In his book ‘The Most Important Thing’ Howard Marks, co-founder of Oaktree Capital, writes: “When you boil it all down, it’s the investor’s job to intelligently bear risk for profit. Doing it well is what separates the best from the rest.”
When it comes to international private debt investing, there are at least two core risks which require careful consideration: default risk and liquidity risk. The management of these risks represents the main competency of private debt managers. They are compensated for their skills in these areas, and the alpha they generate is derived directly from these two sources: the credit and illiquidity premiums embedded in the interest rates.
However, the contribution of a third risk factor to the investment risk of a portfolio can also be significant. That often-neglected factor is currency market volatility. This is important for three reasons:
- private debt investors are not typically currency market experts;
- currency risk is not a source of expected returns for fund managers;
- currency volatility tends to be high relative to expected private debt returns.
Most private debt funds will have a target return of between 6 and 15 percent, whilst currency volatility can range from around 10 percent per annum in a ‘normal’ market environment, to well over 20 percent in the event of more extreme market conditions. Adverse currency volatility can easily wipe out the entire return of a fund, even if the underlying investments perform well.
There are a number of approaches which fund managers can take in order to ‘intelligently bear’ this specific risk factor. Perhaps the simplest involves understanding the magnitude of the risk up front, and attempting to price the risk into the transaction. However, as Mark Twain once observed: “Prophesy is a good line of business, but it is full of risks.” As such, this ‘measure and accept’ approach will always rely on a certain amount of luck; it will, however, ensure that investments are made with some assessment of the potential currency impact.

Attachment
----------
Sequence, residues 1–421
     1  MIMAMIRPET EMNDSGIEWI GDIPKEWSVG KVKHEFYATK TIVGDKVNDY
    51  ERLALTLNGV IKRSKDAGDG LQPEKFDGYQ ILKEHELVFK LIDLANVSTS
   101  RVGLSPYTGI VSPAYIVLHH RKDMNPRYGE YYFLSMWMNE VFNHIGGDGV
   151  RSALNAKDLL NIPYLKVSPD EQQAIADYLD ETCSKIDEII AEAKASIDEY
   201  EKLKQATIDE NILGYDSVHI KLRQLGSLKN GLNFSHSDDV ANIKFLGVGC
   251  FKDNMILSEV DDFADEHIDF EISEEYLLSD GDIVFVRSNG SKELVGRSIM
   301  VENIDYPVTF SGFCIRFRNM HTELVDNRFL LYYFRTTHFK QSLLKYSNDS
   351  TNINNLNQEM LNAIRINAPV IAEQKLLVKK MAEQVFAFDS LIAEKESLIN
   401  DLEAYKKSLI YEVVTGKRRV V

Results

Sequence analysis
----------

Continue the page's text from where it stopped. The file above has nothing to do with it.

A second approach is to allow investors to bear the currency risk directly, thereby removing the impact from fund returns. Dividing a fund into multiple currency sub-classes (which may or may not be practical, depending on the geographic scope of the fund) can facilitate the achievement of this objective. This also allows fund investors to manage their aggregate currency risk as efficiently as possible.
However, there are often practical obstacles to this strategy. Certain investors may prefer to invest in their domestic currency for example (despite the obvious concern with this policy – namely that investment may be in a different currency from a fund’s base currency, thereby obscuring rather than avoiding currency risk).
A third strategy is to tackle the risk head on by hedging. This requires a careful balancing of objectives and constraints, including risk tolerance, hedging costs, and liquidity (either in the form of credit lines or collateral). This approach will typically have an adverse effect on total expected return (which makes sense, as there is less risk), but will often allow the fund manager to gain more control over performance, as it removes a significant, but effectively random, risk driver. In addition, this approach often appeals to potential capital providers, thereby assisting the fundraising process.
Before 2008, the global economy had created an illusion of stability; a ‘Great Moderation’ characterised by stable economic growth, low inflation, and currency markets which tended to trade in observable ranges, with minimal market dislocations. In such an environment, the temptation to ignore the effects of currency risk on investment returns was high and perhaps led to complacency in some quarters. Clearly, the world has now changed. As unpredictable currency wars and large-scale monetary policy interventions begin to dominate the currency markets, the importance of controlling currency risk, whether through internal investment processes and fund structures, or through external hedging solutions, is likely to grow dramatically.
Kevin Lester is co-chief executive of risk management specialist Validus, and is based in London.